Previous research has confirmed the effectiveness of equivalence-based instruction (EBI), however, most studies have been conducted with adult participants teaching arbitrary stimulus classes. More research is needed to confirm the external validity of EBI with younger participants, teaching clinically significant skills in applied settings. The current study bridges those gaps. Specifically, our aims were 1) to use EBI procedures to teach preschool children with autism to form stimulus classes consisting of age-appropriate categories, and 2) to evaluate the effectiveness of transfer of function within these classes, and 3) to implement these procedures using easily accessible table-top procedures. Creating derived relations between stimuli and demonstrating transfer of function are important outcomes considering that the instruction most children with autism require can be time consuming and costly. Therefore, our procedures are easily transportable to clinical settings given their practicality and accessibility.
Transfer of Discriminative Stimulus Control From Object Imitation to Listener Responding in Children With Autism Spectrum Disorder (ASD)
|Jessica Quintanilla (Central Texas Autism Center), AARTI THAKORE (Central Texas Autism Center), Anna I. Petursdottir (Texas Christian University), Christy Ho (Central Texas Autism Center), Mariel Mireles (CTAC)|
The objectives of early language programs often include teaching children receptive identification or listener discrimination across common and preferred items (e.g., Sundberg, 2008). In a typical errorless procedure, the teacher delivers an instruction “Find the truck” and prompts the child either by pointing, gesturing, or full physical guidance to touch the targeted object. However, a few studies have found that some learners with severe language delay often struggle to acquire listener discrimination (Carp & Petursdottir, 2012; Vedora & Barry, 2016). Thus, the purpose of this study was to examine the effectiveness of object imitation in discrimination to teach listener discrimination. Two participants who already had object imitation skill but did not acquire listener discrimination skill using the errorless teaching were selected. The instructor modeled the play-based functional action using object imitation across targeted objects, followed by the listener discrimination trial, to transfer the discriminative control from object imitation to listener responding. The data was evaluated using multiple baseline design. Results of this study showed that object imitation in discrimination was successful in establishing listener discrimination across both the participants.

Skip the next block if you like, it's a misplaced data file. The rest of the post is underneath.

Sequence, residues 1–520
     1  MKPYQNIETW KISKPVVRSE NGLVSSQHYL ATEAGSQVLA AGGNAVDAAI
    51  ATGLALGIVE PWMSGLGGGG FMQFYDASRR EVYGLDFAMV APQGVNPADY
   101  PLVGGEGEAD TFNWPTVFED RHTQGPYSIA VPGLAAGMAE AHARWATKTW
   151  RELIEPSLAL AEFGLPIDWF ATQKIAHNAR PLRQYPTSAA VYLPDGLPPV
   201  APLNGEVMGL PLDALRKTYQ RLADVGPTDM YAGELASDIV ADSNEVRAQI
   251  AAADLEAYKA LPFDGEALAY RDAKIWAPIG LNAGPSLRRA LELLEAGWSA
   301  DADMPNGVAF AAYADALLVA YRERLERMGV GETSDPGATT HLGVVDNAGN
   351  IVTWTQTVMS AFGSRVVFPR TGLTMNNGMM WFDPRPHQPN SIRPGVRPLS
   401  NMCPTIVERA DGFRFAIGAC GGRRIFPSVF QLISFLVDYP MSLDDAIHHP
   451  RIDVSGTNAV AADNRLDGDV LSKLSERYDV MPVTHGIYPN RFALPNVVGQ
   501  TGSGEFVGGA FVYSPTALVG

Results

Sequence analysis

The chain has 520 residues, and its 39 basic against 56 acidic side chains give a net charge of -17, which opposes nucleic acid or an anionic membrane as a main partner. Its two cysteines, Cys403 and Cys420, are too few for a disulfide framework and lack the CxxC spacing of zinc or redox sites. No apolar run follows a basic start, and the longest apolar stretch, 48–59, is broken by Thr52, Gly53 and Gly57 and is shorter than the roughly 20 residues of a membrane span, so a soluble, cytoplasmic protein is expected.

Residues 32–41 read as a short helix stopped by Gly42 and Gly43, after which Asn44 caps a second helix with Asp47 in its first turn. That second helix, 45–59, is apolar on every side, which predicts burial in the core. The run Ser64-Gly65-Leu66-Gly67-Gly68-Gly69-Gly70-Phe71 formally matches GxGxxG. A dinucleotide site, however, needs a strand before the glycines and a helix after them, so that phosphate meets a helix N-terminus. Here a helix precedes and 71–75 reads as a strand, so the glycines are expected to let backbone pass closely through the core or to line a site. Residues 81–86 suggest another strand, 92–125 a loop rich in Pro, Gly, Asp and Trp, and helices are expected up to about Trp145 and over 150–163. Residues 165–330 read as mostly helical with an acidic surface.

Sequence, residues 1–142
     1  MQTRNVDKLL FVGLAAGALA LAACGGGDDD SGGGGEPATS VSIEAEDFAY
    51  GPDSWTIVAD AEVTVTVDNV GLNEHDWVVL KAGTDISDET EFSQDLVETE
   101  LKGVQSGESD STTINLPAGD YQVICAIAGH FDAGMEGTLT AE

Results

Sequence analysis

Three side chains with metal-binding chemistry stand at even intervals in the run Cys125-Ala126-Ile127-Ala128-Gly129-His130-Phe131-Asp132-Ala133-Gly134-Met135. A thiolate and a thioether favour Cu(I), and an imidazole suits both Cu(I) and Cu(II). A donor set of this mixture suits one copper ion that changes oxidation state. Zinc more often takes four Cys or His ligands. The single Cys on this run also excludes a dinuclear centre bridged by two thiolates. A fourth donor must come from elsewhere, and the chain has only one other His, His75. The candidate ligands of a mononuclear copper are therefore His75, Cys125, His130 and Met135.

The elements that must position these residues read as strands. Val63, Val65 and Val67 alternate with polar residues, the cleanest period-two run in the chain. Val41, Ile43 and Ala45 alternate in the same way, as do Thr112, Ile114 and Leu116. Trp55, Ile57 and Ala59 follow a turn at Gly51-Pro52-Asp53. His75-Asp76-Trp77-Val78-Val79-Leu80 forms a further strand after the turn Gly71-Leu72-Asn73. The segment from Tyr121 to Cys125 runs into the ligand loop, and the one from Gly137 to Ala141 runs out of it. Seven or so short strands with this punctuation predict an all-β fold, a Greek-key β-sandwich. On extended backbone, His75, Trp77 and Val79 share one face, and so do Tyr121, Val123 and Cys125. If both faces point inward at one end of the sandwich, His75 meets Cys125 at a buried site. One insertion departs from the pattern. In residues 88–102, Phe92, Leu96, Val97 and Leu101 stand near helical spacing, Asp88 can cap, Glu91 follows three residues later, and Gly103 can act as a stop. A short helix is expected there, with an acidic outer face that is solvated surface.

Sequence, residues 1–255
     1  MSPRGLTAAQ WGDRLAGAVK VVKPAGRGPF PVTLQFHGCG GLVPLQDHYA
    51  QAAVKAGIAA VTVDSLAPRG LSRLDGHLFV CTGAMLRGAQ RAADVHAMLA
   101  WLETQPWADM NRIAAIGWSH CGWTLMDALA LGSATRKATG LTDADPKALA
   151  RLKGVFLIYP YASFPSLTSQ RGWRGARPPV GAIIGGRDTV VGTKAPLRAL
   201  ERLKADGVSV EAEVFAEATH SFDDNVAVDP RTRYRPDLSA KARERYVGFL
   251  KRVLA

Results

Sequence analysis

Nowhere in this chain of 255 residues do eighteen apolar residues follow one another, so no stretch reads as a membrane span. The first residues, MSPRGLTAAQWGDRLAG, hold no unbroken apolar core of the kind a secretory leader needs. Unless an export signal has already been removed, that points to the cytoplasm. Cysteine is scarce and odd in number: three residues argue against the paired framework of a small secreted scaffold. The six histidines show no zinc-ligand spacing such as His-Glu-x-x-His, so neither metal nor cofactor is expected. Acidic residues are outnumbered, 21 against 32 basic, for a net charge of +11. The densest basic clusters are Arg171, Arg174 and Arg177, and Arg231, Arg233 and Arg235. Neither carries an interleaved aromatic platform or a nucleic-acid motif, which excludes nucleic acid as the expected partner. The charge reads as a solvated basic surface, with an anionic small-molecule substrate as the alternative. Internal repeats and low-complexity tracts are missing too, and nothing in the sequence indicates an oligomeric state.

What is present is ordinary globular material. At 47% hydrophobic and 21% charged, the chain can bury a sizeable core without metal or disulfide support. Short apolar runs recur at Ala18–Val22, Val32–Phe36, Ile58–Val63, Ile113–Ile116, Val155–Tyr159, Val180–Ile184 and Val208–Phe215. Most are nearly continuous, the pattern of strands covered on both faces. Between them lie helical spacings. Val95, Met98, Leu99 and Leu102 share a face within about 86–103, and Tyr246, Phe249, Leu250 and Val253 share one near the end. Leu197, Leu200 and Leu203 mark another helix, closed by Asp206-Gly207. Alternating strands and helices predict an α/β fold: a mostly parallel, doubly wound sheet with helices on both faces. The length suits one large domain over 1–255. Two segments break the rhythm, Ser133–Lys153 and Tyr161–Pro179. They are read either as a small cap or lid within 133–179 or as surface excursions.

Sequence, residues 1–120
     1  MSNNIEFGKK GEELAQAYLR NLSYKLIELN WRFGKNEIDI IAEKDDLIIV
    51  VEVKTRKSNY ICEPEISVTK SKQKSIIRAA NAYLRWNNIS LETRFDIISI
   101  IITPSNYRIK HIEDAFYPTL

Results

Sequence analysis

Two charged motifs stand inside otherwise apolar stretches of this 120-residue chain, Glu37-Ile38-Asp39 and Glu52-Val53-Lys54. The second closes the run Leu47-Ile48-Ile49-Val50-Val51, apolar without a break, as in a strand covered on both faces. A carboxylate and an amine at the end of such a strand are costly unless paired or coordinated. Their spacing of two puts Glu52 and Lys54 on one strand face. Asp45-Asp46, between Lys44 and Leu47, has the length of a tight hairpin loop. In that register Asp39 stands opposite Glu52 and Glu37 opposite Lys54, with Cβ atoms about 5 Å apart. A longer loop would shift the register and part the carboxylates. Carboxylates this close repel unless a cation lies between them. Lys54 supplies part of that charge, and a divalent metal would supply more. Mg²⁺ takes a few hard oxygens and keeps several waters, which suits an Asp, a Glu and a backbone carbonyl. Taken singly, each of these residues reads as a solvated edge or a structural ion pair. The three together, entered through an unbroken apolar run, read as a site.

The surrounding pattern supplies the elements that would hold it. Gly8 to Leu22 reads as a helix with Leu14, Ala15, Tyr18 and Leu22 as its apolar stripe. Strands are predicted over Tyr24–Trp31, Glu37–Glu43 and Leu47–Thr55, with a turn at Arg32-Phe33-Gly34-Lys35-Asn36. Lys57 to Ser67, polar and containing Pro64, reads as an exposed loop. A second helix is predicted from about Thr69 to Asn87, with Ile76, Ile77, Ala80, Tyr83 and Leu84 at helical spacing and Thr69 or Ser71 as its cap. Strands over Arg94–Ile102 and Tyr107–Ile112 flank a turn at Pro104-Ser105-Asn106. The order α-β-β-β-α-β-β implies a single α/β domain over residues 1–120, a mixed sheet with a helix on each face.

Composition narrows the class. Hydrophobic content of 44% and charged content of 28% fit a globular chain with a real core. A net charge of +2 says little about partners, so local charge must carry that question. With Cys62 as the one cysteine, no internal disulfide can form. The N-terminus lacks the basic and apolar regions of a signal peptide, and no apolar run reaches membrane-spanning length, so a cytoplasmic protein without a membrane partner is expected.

|A Comparison of the Efficiency of Error-Correction Procedures Across Skills|
|JESSI REIDY (Marquette University), Kirsten Rebecca Lloyd (Marquette University), Tiffany Kodak (Marquette University), Ashley Van Handel (Marquette University), Chloe Slotten (Marquette University), Brittany Brown (Marquette University), Lauren Casper (Marquette University), Makayla Griffin (Marquette University)|
|Abstract: A variety of error-correction procedures have been shown to be effective across learners, and the inclusion of error correction in trial-based instruction has often led to more efficient acquisition (Carroll et al., 2015; Kodak et al., 2016). Findings have shown that error correction is an effective strategy to teach a variety of skills including sight words (Kodak et al., 2016), tacts (Carroll et al., 2015), intraverbals (Kodak et al., 2012), and auditory-visual conditional discriminations (McGhan & Lerman, 2013). However, inconsistent results have been found regarding which error-correction procedures are more effective and efficient across learners (McGhan and Lerman, 2013). Although previous research has shown error correction to be effective across skills, there is minimal evidence regarding the consistency of the most efficacious and efficient error-correction procedure across skills for the same learner. Therefore, the goal of the current study was to evaluate the efficacy and efficiency of three error-correction procedures compared to a control condition across three different skills: tacts, intraverbals, and listener responses. Results indicated consistency in the most efficient procedure within the same skill and some consistency in the most efficient procedure across skills.|